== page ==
Chhau Nach: This folk dance of Odisha is originated and performed in the Mayurbhanj District and also in Nilagiri of Baleswar district. It has its base in the martial arts tradition. The dance is a stylized mock battle in which two groups of dancers armed with swords and shields, alternatively attack and defend themselves with vigorous movements and elegant stances. Music of this dance is notable with its rhythmic complexities and vigorous percussion. The musical instruments include 'Mahuri' - a double reeded instrument, 'Dhola' - a barrel shaped two-sided drum, 'Dhumsa' - a hemispherical drum and 'Chadchadi' - a short cylindrical drum.
Karma Nach: Karam or Karma literally means 'fate' in Kosli Odia language. This folk dance of Odisha is performed during the worship of the god or goddess of fate. It begins from Bhadra Shukla Ekadasi and continues for several days. This dance form has been originated from Sambalpur district of the state. Karma is mostly performed by schedule tribes in the districts of Balangir, Kalahandi, Sundargarh, Sambalpur and Mayurbhanj.
Baagh Nach: Tiger dance or Baagh Nach folk dance of Odisha is performed in Binka and Sonepur of Subarnapur district in the month of Chaitra. This dance is performed by only men, who paint their bare bodies with yellow and black colours stripes to look like tiger and attach a tail. One or more dancers move from house to house and once a crowd gathers, the dance begins. The dancers are accompanied by a drummer and a bell player who provide the music for the performance.
Keisabadi: In Keisabadi folk dance of Odisha, only men can take part. This is also a Sambalpuri folk dance. Most of the dancers hold a stick two feet in length and they dance in different forms by striking the sticks according to the rhythms of the song they sing. The leader first starts to sings and then others follow him. The main theme of the song has been derived from the love story of Radha and Lord Krishna.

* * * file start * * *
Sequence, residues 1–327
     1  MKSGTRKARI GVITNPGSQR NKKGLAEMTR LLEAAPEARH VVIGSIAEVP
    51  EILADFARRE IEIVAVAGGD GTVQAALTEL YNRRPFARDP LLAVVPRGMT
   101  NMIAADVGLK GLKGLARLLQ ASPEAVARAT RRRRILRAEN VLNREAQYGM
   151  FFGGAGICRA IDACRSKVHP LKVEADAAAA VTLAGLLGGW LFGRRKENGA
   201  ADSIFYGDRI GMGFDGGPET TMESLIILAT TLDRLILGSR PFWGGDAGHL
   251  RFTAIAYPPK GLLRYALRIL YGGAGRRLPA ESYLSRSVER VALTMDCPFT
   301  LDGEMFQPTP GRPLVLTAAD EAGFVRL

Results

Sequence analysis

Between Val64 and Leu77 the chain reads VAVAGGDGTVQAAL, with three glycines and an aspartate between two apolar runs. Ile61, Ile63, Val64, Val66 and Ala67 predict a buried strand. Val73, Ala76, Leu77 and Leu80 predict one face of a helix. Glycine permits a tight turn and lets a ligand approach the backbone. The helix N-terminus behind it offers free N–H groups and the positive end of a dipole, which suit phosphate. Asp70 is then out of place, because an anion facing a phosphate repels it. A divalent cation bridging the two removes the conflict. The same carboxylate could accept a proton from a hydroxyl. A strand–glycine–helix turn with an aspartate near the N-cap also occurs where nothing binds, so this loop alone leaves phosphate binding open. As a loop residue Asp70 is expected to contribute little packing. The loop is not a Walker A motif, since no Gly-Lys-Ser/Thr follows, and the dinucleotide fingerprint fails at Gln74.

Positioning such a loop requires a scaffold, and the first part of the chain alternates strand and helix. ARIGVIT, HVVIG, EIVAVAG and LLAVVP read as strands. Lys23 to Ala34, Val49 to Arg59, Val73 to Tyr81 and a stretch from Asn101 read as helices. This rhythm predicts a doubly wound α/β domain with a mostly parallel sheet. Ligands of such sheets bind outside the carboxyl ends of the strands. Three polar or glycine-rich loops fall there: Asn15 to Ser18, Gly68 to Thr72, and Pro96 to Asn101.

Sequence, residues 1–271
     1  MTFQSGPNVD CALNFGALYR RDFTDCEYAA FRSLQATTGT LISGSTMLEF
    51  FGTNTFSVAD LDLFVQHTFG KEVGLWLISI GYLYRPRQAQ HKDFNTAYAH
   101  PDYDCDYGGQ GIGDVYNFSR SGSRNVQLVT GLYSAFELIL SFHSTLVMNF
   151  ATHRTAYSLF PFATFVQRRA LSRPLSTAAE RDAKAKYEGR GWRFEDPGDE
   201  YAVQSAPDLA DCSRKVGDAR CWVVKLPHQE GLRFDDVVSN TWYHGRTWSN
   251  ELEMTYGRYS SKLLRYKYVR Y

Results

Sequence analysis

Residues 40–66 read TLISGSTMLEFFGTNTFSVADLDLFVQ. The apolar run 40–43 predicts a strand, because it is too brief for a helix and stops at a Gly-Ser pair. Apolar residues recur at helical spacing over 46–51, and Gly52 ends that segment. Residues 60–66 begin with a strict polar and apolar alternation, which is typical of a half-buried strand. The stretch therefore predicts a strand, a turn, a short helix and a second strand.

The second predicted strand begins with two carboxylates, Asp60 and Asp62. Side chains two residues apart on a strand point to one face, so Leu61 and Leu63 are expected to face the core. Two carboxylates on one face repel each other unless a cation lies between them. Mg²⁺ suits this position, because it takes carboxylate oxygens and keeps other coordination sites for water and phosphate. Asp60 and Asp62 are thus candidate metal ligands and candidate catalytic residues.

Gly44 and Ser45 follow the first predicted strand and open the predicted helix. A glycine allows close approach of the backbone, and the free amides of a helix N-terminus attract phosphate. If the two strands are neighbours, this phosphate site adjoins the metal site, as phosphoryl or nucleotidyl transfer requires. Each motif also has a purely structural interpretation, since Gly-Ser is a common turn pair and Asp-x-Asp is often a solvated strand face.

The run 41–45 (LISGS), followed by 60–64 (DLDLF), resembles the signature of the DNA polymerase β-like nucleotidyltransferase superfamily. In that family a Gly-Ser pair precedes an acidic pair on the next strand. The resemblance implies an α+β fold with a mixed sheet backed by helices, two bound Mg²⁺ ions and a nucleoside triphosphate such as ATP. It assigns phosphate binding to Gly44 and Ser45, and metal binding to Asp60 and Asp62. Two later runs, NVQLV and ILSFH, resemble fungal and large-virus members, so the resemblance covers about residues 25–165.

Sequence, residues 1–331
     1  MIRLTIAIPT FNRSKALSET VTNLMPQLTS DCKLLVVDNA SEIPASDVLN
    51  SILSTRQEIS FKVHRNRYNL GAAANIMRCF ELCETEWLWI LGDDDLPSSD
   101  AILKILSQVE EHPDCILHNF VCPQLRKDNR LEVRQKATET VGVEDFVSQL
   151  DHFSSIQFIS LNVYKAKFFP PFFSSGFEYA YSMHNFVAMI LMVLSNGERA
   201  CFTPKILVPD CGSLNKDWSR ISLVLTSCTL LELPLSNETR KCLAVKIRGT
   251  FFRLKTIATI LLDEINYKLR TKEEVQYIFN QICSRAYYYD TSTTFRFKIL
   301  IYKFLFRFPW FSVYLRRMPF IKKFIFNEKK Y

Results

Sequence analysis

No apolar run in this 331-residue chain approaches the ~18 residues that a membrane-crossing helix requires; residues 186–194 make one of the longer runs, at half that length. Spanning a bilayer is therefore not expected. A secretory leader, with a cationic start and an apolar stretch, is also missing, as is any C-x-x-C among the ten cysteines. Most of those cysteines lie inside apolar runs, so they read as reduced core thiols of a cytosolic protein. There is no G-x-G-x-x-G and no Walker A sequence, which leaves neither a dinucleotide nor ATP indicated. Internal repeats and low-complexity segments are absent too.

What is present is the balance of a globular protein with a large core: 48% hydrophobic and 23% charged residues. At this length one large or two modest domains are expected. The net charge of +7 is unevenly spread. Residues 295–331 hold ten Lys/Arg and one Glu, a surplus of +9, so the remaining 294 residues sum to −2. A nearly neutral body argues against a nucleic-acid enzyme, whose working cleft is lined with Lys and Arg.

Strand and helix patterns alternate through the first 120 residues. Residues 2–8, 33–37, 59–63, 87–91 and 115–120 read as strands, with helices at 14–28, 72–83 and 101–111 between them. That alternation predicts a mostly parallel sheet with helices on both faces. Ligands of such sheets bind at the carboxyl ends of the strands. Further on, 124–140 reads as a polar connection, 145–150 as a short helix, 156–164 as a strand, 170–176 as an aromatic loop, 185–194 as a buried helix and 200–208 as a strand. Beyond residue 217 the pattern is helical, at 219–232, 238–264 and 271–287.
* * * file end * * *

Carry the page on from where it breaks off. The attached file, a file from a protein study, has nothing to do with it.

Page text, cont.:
Dhap Dance: This Sambalpuri folk dance of Odisha is mostly performed by the Kandha tribe of Kosal region. Both men and women participate in this dance. Men of one village dance with women of another village. Mostly unmarried boys and girls participate in this dance. Dhap dance is mainly performed during marriage ceremony and also for the sake of recreation. The name of the dance has been derived from the musical instrument Dhap, which accompanies this dance. The dancers hold the Dhap with their left hands and beat with their right as well as left hands.
Goti Pua: In Goti Pua folk dance of Odisha boy dancers dress up like girls; they are the students of the ‘Akhadas’ or gymnasia. The Goti Pua dance is also known as Akhada Pilas as the dancers are mainly from the Akhada system.
Apart from these dances, there are some other folk dances of Odisha which are Nacni, Chhiollai, Humobauli, Dauligit, Sajani, Chhata, Daika, Bhekani, Rasarkeli, Jaiphul, Maila Jada, Bayamana, Gunchikuta etc.